Parent-training programmes for improving maternal psychosocial health

Cochrane Database Syst Rev. 2004;(1):CD002020. doi: 10.1002/14651858.CD002020.pub2.


Background: Mental health problems are common and there is evidence to suggest that the origins of such problems lie in infancy and childhood. In particular, there is evidence from a range of studies to suggest that maternal psychosocial health can have a significant effect on the mother-infant relationship, and that this in turn can have consequences for both the short and long-term psychological health of the child. The use of parenting programmes is increasing in the UK and elsewhere and evidence of their effectiveness in improving outcomes for children has been provided. Evidence is now required of their effectiveness in improving outcomes for mothers.

Objectives: The objective of this review is to address whether group-based parenting programmes are effective in improving maternal psychosocial health including anxiety, depression, and self-esteem.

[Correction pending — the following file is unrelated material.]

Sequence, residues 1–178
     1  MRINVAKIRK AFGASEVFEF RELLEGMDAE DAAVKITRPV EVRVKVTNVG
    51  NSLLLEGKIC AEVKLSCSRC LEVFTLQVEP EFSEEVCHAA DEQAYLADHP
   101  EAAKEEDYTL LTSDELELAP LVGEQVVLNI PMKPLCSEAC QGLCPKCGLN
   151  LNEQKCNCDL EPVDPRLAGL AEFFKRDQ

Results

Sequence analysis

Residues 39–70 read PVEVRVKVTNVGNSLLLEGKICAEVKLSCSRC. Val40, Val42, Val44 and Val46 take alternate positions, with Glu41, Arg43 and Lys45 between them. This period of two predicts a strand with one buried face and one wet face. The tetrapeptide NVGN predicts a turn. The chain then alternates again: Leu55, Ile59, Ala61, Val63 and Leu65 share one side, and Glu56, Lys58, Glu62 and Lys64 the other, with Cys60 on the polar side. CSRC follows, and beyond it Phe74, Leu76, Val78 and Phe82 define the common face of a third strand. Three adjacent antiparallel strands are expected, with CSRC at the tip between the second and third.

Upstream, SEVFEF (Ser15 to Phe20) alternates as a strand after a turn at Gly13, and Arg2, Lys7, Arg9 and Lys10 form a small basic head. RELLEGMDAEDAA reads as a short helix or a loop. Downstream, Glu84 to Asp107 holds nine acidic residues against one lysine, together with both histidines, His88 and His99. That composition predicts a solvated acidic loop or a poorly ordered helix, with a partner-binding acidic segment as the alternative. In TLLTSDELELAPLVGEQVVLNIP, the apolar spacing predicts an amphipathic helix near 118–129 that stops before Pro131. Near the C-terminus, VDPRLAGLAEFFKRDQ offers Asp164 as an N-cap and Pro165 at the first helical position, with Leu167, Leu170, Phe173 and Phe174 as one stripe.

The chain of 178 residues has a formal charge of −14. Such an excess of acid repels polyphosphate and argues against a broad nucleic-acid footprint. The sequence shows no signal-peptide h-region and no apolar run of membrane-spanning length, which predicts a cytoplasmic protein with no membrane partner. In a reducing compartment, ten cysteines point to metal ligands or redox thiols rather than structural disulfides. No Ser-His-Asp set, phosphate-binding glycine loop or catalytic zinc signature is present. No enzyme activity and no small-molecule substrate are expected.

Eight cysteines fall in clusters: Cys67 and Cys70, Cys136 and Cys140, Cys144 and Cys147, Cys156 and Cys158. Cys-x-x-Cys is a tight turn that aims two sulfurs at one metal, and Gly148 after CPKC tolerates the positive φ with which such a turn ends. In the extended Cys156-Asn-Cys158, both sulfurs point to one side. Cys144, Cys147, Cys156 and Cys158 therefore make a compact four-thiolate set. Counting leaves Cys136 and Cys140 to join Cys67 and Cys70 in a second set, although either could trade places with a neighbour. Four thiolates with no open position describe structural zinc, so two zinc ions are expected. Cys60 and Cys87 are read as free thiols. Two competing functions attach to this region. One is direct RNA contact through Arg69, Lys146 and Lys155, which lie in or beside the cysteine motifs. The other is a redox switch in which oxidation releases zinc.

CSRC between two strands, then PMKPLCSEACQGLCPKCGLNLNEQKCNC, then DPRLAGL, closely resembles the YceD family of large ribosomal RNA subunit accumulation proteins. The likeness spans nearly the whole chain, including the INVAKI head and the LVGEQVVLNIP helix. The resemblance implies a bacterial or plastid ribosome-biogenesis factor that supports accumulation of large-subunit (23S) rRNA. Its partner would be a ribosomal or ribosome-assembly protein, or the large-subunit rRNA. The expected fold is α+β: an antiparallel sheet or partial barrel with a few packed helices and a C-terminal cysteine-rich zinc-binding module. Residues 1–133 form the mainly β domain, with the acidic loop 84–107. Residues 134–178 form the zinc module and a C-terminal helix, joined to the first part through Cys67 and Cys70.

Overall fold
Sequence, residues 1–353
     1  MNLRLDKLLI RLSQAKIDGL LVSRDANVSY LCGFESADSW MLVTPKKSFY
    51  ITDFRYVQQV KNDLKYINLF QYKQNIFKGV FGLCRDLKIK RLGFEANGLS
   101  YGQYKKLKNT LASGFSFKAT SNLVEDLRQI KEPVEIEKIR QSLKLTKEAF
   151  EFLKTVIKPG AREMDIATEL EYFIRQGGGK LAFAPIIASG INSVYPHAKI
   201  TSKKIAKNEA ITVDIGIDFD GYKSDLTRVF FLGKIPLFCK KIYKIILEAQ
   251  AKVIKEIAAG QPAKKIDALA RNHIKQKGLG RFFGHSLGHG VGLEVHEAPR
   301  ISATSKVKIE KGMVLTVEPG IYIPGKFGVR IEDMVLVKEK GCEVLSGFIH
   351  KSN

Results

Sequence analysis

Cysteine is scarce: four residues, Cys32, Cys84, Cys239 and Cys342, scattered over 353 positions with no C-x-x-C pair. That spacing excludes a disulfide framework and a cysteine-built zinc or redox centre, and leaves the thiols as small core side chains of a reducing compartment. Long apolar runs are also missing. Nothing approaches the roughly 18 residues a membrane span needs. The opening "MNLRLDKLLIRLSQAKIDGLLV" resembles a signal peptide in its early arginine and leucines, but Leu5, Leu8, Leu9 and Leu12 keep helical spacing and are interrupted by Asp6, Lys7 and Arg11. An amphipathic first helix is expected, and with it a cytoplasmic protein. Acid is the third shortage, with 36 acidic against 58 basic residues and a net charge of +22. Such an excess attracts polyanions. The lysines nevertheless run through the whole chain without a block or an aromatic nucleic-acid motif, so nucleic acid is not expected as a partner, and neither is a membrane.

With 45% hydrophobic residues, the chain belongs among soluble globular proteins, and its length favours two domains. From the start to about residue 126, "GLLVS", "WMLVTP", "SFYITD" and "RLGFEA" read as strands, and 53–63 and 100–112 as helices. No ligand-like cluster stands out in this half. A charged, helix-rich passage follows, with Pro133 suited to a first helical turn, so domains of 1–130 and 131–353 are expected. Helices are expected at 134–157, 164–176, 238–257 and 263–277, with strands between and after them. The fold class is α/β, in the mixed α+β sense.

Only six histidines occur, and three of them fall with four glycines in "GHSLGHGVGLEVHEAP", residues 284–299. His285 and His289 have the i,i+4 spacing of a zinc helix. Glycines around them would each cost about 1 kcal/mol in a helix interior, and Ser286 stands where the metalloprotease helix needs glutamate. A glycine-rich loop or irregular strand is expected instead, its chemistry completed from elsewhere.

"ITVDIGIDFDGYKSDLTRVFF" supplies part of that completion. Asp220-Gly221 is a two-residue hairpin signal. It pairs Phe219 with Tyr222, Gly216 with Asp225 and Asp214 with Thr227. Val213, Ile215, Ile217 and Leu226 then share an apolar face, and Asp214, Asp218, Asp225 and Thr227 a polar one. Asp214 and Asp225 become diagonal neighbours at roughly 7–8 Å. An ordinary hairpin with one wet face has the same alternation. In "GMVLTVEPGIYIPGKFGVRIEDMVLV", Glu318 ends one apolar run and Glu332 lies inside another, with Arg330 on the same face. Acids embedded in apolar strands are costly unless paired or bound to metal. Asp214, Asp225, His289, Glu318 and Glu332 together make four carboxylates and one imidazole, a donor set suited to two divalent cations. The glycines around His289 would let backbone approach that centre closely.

Search strategy: A range of biomedical, social science, educational and general reference electronic databases were searched including MEDLINE, EMBASE CINAHL, PsychLIT, ERIC, ASSIA, Sociofile and the Social Science Citation Index. Other sources of information included the Cochrane Library (SPECTR, CENTRAL), and the National Research Register (NRR).

Selection criteria: Only randomised controlled trials were included in which participants had been randomly allocated to an experimental and a control group, the latter being a waiting-list, no-treatment or a placebo control group. Studies had to include at least one group-based parenting programme, and one standardised instrument measuring maternal psychosocial health.

Data collection and analysis: A systematic critical appraisal of all included studies was undertaken using a modified version of the Journal of the American Medical Association (JAMA) published criteria. The treatment effect for each outcome in each study was standardised by dividing the mean difference in post-intervention scores for the intervention and treatment group, by the pooled standard deviation, to produce an effect size. Where appropriate the results were then combined in a meta-analysis using a fixed-effect model, and 95% confidence intervals were used to assess the significance of the findings.